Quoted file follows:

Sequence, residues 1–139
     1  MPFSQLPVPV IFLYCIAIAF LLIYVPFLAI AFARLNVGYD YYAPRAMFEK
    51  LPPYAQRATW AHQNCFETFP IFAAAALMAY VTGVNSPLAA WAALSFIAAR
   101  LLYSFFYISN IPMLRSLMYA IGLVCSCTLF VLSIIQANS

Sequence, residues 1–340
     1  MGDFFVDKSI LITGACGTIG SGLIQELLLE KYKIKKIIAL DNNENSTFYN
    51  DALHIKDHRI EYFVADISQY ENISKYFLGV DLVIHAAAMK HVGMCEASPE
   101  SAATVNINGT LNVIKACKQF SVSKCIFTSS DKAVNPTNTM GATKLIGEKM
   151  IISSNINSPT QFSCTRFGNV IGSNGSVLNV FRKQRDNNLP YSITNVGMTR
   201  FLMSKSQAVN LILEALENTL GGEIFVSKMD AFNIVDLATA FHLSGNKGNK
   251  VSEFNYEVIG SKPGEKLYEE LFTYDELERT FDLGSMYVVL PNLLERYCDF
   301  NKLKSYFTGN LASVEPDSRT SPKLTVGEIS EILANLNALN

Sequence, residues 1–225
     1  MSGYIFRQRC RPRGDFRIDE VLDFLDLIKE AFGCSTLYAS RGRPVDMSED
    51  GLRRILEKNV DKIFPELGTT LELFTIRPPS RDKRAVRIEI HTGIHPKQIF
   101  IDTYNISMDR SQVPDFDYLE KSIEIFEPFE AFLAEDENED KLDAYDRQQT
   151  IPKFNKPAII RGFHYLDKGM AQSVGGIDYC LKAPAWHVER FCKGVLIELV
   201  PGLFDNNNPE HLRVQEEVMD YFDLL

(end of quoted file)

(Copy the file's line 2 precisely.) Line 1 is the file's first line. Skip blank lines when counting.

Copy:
     1  MPFSQLPVPV IFLYCIAIAF LLIYVPFLAI AFARLNVGYD YYAPRAMFEK